As has already been explained in earlier posts, the output of the Psyclone project has been adjusted from an emphasis on waking people up to what’s happening to providing usable information to those who don’t need waking up.
The change of tack has put me in touch with the long-running debate of nonviolence/violence in political struggles. I’ll discuss my own feelings and thoughts on the subject in future posts., this being the first of several planned on the theme.
This post was inspired by a Dandelion Salad post I read recently that again reasserted the debate in my mind. The Black Bloc subject of that interview will also be addressed in a future post, but I felt a more detailed examination of the fundamental question of violence/nonviolence was in order.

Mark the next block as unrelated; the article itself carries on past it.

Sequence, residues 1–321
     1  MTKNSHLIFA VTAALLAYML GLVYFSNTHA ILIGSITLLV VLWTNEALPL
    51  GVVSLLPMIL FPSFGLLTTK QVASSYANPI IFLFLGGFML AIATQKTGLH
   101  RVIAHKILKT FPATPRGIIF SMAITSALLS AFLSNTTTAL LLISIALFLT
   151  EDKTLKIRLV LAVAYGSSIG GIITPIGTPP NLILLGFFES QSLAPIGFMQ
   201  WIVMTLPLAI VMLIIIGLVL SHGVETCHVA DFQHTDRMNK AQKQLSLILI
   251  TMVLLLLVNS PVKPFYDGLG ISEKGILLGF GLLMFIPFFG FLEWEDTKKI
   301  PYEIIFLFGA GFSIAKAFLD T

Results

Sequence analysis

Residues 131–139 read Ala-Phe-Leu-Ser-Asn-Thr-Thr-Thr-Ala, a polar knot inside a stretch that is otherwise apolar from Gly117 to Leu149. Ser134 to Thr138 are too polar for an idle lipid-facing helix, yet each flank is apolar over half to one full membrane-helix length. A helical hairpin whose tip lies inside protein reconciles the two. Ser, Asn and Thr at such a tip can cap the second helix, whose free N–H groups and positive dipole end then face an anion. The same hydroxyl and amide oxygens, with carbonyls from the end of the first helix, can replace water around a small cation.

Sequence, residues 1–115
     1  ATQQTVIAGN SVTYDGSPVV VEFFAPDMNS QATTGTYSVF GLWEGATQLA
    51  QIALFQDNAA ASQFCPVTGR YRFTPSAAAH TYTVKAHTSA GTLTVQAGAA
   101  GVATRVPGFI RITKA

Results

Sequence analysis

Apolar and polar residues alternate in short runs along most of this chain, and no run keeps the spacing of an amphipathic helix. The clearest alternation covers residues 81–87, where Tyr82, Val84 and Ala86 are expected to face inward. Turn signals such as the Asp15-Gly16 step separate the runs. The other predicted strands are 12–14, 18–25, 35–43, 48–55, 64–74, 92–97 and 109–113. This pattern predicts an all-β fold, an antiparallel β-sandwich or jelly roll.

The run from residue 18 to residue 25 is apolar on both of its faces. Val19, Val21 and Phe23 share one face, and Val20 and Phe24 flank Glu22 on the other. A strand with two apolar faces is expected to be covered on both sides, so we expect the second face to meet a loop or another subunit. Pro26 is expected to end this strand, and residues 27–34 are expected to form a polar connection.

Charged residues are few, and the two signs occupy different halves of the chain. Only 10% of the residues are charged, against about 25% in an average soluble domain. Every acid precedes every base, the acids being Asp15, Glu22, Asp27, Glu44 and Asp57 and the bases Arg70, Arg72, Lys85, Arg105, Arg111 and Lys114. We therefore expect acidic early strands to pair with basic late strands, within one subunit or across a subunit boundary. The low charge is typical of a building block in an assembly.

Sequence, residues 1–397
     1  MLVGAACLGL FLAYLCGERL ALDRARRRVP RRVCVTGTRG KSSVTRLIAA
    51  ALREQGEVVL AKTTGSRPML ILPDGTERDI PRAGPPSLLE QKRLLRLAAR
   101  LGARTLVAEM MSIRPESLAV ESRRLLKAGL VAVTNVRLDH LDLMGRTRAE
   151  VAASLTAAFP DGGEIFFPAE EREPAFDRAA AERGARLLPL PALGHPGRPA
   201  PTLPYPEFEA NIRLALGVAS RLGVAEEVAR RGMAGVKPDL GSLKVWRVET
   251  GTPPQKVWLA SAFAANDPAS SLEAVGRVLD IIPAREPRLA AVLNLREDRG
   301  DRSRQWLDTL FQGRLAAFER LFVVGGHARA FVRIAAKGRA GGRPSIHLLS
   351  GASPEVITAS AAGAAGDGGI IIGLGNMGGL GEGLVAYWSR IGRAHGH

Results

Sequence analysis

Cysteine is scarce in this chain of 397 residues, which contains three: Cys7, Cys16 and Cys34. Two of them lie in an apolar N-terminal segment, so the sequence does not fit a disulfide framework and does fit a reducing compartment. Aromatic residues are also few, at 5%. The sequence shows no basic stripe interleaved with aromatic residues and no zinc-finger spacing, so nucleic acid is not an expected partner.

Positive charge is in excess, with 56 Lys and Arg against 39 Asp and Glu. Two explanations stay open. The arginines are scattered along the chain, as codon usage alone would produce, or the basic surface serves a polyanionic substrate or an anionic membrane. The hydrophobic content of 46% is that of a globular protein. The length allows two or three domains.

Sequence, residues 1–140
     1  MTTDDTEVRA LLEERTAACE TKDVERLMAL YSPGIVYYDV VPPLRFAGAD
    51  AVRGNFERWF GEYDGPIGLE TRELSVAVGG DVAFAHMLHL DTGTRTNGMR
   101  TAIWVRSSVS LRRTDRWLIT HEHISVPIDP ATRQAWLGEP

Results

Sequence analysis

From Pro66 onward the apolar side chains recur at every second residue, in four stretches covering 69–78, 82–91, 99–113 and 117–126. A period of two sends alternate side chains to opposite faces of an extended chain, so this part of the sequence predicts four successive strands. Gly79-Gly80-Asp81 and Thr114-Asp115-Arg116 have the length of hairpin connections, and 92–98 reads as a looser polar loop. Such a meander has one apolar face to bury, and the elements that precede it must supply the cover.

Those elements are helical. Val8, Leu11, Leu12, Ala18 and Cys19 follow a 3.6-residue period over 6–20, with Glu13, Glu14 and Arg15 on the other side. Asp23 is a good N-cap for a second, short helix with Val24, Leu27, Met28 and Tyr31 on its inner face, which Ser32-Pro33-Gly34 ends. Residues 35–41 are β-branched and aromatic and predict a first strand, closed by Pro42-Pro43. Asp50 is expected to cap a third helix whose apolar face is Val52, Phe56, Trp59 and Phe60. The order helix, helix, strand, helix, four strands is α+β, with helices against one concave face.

I approached How Nonviolence Protects The State by Peter Gelderloos expecting a pro-violence rant, but still curious to see what the argument would be. What I found was less of an argument and more of an analysis of the issue of violence and nonviolence within political struggles, discussed from a seldom-if-at-all taken perspective.
A basic premise of the book is that the argument in favour of nonviolent resistance is based on selective, and therefore biased, historical information, particularly that to do with the independence and human rights campaigns of Gandhi and King. When usually omitted information is included in the analysis, statements (chapter headings in the book) such as:
- NONVIOLENCE IS INEFFECTIVE
- NONVIOLENCE IS RACIST
- NONVIOLENCE IS STATIST
- NONVIOLENCE IS PATRIARCHAL
- NONVIOLENCE IS TACTICALLY AND STRATEGICALLY INFERIOR
look more reasoned and less sensationalist and unlikely.
My online posting of this book has led to some lively (offline) conversation, which in turn has deepened my appraisal of the subject and where I stand in it. My hope is that it will stimulate similar thought and discussion in others.
(Click on the image to download the PDF)